Each month, Joseph Muchai takes two empty suitcases and boards an Emirates airline flight to Dubai. In the next three days, he fills those suitcases with car stereos, speakers, DVD players, calculators, electric shavers and clock radios. Back in Nairobi, Mr Muchai sells the electronics at a 15 to 20 per cent mark-up. There are hundreds of Kenyan businessmen like him, lured to the UAE by inexpensive products and the chance to make a quick profit.
"Doing business in Dubai is not bad," said Mr Muchai, who has been trading goods from the UAE for eight years. "My livelihood is from that. It keeps food on my table." In the past 10 years, Kenya has emerged as a big trading partner for the UAE. Small-time traders like Mr Muchai flock to Dubai for electronics. Major importers from Kenya ship cars and containers full of products from the UAE, while Middle Eastern investors see Kenya as a potential market for the banking and telecommunications sector.
Last year, Kenya imported US$800 million (Dh2.9 billion) worth of goods from the UAE, the largest single source for Kenyan imports, according to the Kenya Business Advisory Committee of the UAE, a trade group set up by the Kenyan Embassy in Abu Dhabi to represent Kenyan business interests in the Gulf state. Trade between Kenya and the Emirates has increased every year since trade restrictions and foreign exchange regulations were lifted by Kenya's government, 10 years ago.
According to the business advisory committee, about 1,000 used cars are exported to Kenya each month through Sharjah's expansive car market. That figure is likely to increase when a new law comes into effect in the UAE next year, banning the transfer of ownership of cars more than 10 years old. "There is a huge demand for quality secondhand cars in Kenya," said John Makau, the secretary general of the committee. "Secondhand car dealers in Sharjah have been the major sources in meeting this increasing demand."
Njuguna Ndung'u, the head of the Central Bank of Kenya, toured the UAE in April to try to strengthen trade and investment links between the two countries. "The Gulf region has a very potent combination of capital and expertise, while Kenya presents several profitable investment opportunities," Mr Ndung'u said. At the beginning of the year, Gulf African Bank, Kenya's first bank based on Islamic law, opened in Nairobi. The bank was set up with investors from the Gulf region, including Istithmar and Gulf Cap, two UAE investment companies.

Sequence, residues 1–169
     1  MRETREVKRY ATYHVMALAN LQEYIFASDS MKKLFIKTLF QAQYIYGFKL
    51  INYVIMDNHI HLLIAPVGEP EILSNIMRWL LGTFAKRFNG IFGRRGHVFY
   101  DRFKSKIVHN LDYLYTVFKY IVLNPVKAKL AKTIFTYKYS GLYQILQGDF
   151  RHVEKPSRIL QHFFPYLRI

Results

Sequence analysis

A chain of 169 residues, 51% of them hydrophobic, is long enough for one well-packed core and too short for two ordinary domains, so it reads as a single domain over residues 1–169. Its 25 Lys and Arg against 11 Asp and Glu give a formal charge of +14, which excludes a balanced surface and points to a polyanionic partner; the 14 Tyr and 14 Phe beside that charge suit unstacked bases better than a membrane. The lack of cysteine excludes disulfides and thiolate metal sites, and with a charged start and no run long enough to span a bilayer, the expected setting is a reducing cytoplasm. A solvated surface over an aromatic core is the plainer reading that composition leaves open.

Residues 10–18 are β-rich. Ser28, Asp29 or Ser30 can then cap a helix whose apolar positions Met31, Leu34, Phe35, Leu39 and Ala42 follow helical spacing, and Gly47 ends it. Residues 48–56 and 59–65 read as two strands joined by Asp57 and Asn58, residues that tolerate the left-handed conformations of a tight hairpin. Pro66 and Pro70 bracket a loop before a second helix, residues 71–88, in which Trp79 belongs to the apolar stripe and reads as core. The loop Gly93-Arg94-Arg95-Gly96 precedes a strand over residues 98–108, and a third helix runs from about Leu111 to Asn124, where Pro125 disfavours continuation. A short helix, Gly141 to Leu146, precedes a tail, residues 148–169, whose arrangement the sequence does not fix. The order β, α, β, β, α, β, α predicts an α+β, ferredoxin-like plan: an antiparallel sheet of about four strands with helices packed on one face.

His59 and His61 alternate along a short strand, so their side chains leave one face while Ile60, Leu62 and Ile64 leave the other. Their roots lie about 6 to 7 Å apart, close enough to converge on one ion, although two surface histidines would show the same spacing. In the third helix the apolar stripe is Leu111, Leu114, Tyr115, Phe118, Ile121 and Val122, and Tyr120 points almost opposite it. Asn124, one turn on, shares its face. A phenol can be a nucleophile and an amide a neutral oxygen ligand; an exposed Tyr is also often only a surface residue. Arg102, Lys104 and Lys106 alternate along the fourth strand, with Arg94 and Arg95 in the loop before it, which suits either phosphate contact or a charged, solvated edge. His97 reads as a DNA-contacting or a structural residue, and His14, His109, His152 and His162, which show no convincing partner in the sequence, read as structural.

"Africa is an attractive emerging market for growth of Islamic finance," Abdul-Malik al Khalili, the bank's chairman, told Reuters. "There is a lot of liquidity in the Gulf, and we are making a bridge between the two." Other Emirati investors have pounced on Kenya's emerging telecommunications market. Alcazar Capital, an equity firm based in Dubai, reportedly bought 11 per cent of the shares in Safaricom, a leading Kenyan mobile phone company that recently went public. In November, the firm invested $58m in Telekom Kenya, a Kenyan phone company.
The UAE has also become a market for Kenyan agricultural products such as coffee, tea and flowers. Products from the emirates, especially electronics, are more expensive than those from China, but Kenyan importers say the UAE market is more convenient. "When you buy from China, you need large quantities, like a whole container of just one product," Mr Muchai said. "When I go to Dubai, I can buy a carton of this and a carton of that. It takes less time and it's closer than China."
Mr Muchai is a frequent flyer on Emirates, which has daily flights between Nairobi and Dubai - about a five-hour trip. Kenya Airways also has twice-daily flights on the route. Both airlines offer extra baggage allowances for traders bringing products back to Kenya. "East Africa is a big market for us, especially for traders going to buy and sell," said Sally Sawe, a spokesman for Emirates in Nairobi. "We give them baggage allowance breaks and negotiated fares. For traders it's a big plus."
Kenyan businessmen in the emirates have also set up shipping agencies to cater to traders. Mehboob Manji, who owns an electronics store in a bustling Nairobi neighbourhood, uses his Kenyan contacts in Dubai to send him TVs and DVD players by containership each month. "There are a lot of Kenyans in Dubai doing business," he said. "We use them to send us our products. You trust your own people more."